So, this left us with plenty of time to start a new (ie easier) project. We finally got a new bed and mattress that has a little more room for us and the felines (who refuse to sleep in their own beds), but were desperately needing new nightstands. As it turns out, nightstands are really expensive- like $100 for a basic, Plain Jane piece of furniture. So we decided this was the perfect opportunity for a new project and on a cold Saturday in January we headed down to Janesville to peruse re-sale stores. Seriously, Janesville is a great place to look for used furniture. Aaaannnnddd at the end of the day, we returned from our excursion with: 0 nightstands, 1 aluminum Christmas tree, 1 pair of pants, a rug, and 9 bottles of wine. Nightstands or not, I still consider it a very successful trip, but that might be the wine talking.
Fast forward to a week later and I get a text at work from Lance, who is on one of his Friday afternoon treasure hunts at the Habitat ReStore in Madison. A nightstand for $25!!? Yes, please!
It had some dings and scratches, but with some paint it had some potential. It's very sturdy (ie heavy) and made from particle board with a good quality wood veneer.
As with any painting project, the prep work is 90% of the battle, and in this case we're talking about a battle of Gettysburg proportions.
1. First, I sanded the whole thing with 220 grit (fine) sandpaper. This is when I first started to think all of the fancy little trim pieces with all of their tiny little grooves might be a problem.
2. There was a good-sized ding on the front edge, which had to be remedied with some wood filler.
3. For primer, I just used some Zinsser 1-2-3 Water-based stuff we had leftover from working on the house. I've seen articles that recommend using an oil-based primer for furniture, mainly because it cures faster, but I don't think it makes THAT much difference. However, I did let the first coat of primer cure for a full week because the veneer was still pretty smooth and I wanted to make sure the primer adhered as much as possible.
4. Then came MORE sanding to get all of the little imperfections out, and a second coat of primer, which I did not sand, mainly due to laziness.
5. Finally! Time to paint!!! We opted for a gray color (Silvered Stone by Dutch Boy) with white trim. The white was (you guessed it) leftover from the trim in our dining room, and we actually had to make a run to Menard's for a quart of the gray stuff. You would think with all the paint we have around here, we would have some gray, but surprisingly, that's one color we didn't have. Yet.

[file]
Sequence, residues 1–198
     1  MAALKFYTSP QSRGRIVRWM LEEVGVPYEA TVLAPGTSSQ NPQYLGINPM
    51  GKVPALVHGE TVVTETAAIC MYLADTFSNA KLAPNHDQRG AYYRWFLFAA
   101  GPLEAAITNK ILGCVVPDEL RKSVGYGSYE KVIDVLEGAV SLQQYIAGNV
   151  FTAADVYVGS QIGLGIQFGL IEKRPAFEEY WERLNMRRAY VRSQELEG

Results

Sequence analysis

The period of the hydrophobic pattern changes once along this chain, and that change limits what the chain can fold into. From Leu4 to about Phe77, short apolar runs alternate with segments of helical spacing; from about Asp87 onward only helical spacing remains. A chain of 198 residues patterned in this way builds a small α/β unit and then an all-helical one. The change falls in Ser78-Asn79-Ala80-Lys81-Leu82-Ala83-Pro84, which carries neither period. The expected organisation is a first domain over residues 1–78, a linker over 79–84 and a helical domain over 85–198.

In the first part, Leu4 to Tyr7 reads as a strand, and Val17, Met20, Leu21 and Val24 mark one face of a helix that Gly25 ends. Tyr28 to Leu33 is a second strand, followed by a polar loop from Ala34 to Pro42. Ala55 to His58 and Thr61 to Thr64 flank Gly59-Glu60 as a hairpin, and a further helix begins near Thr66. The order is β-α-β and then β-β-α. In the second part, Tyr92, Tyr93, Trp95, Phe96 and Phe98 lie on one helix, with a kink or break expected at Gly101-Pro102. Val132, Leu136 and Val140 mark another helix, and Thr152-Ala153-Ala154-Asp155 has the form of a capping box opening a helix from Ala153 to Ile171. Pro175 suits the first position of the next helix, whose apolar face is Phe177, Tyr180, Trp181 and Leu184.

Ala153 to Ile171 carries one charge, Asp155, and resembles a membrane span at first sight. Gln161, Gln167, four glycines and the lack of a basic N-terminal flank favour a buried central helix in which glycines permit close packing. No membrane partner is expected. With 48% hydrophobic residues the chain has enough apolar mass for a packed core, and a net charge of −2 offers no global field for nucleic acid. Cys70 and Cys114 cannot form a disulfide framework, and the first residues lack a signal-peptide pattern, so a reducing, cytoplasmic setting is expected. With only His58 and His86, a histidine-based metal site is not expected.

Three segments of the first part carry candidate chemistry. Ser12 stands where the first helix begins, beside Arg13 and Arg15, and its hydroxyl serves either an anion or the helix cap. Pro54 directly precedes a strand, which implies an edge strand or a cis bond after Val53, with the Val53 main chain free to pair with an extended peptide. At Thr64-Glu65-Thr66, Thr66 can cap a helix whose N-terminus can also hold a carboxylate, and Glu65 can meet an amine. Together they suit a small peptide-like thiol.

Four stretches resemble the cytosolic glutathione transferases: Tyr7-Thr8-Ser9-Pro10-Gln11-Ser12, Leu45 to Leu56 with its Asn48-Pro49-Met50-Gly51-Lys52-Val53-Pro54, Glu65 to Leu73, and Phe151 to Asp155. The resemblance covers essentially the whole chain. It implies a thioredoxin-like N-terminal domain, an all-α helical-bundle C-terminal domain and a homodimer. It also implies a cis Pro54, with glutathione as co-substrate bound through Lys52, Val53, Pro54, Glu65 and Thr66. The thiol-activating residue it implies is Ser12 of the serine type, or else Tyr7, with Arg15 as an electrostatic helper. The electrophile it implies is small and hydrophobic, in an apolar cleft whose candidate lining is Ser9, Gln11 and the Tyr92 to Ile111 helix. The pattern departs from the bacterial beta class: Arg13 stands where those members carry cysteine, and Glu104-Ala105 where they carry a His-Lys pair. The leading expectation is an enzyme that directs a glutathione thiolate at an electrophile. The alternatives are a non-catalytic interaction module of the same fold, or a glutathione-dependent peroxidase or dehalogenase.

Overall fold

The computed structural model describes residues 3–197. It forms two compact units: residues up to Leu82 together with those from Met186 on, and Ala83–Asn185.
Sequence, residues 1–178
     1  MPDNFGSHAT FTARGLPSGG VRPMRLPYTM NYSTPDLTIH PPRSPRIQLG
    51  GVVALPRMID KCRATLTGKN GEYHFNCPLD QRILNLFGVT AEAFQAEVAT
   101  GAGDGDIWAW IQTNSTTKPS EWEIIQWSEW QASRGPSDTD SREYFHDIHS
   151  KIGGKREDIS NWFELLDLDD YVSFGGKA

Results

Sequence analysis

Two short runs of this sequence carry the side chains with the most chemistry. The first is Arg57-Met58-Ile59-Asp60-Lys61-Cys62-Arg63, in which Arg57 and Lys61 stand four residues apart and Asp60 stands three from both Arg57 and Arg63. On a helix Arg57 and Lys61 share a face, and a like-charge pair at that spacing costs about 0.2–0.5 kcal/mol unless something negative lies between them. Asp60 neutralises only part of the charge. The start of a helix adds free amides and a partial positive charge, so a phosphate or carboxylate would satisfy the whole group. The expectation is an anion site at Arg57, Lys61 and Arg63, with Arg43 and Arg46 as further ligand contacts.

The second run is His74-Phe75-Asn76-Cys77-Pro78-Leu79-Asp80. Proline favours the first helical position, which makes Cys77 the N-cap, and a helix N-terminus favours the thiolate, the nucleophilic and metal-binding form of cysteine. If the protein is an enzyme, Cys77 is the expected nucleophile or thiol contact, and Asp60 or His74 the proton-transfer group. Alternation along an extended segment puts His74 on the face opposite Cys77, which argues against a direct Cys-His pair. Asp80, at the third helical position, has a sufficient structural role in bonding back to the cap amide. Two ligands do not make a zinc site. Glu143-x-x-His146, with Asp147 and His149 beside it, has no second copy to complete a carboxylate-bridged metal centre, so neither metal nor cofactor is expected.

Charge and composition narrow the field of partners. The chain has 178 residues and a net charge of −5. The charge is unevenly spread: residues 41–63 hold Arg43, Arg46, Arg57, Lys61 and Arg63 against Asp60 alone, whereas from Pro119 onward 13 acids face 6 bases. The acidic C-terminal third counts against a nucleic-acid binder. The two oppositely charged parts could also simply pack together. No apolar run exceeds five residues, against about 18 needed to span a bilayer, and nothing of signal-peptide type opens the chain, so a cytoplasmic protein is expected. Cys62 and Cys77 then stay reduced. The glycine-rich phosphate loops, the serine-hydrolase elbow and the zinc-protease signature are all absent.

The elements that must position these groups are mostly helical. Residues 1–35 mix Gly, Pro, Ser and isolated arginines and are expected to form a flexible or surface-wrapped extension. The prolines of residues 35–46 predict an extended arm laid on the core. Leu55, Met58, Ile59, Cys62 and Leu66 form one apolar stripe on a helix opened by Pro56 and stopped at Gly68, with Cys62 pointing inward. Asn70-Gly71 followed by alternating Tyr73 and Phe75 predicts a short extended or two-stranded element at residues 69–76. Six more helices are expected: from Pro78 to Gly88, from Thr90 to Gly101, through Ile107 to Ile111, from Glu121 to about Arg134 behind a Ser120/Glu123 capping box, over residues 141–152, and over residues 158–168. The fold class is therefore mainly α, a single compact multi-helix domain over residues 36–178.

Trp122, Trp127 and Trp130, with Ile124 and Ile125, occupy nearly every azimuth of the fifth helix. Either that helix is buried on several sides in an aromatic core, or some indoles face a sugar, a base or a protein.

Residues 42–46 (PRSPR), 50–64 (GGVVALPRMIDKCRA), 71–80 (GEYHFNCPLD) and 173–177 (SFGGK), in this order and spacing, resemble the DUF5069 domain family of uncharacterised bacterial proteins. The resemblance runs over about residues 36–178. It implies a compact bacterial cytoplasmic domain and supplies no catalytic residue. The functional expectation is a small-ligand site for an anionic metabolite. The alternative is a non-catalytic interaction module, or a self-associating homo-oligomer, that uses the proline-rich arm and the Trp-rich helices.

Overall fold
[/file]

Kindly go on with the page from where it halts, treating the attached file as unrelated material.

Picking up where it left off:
The painting was a huge pain because I was doing 2 colors, so I had to tape off all of the trim, and then wait for the paint to fully dry before re-taping to do the second color. I ended up doing 2 coats total. I probably could have done 1 more, but by this point I was getting sick of sitting in our freezing cold basement and since this piece is just for our own use and not one that we're selling, my quality control standards were pretty lax.
6. What? There's a step SIX? What could possibly come after the paint!? Varnish, that's what. Because the nightstand is likely to be cluttered with glasses of water and tv remotes, and used as a jungle gym by hyperactive stumpy-tailed felines, it needed a protective coating (because I do NOT want to end up re-painting this stupid thing again!). So I applied a thin coat of clear polyurethane and gave that a couple of days to dry. I SHOULD have sanded and then applied another coat or two, but I am just too lazy for that nonsense. So I added a new drawer pull- a vintage style black glass one we found on ebay.
And this brings be to the final result of all this madness:
DONE! And now we must select the next project from our ever-growing stash of random furniture pieces. Or, maybe we should get back to work on that foyer.......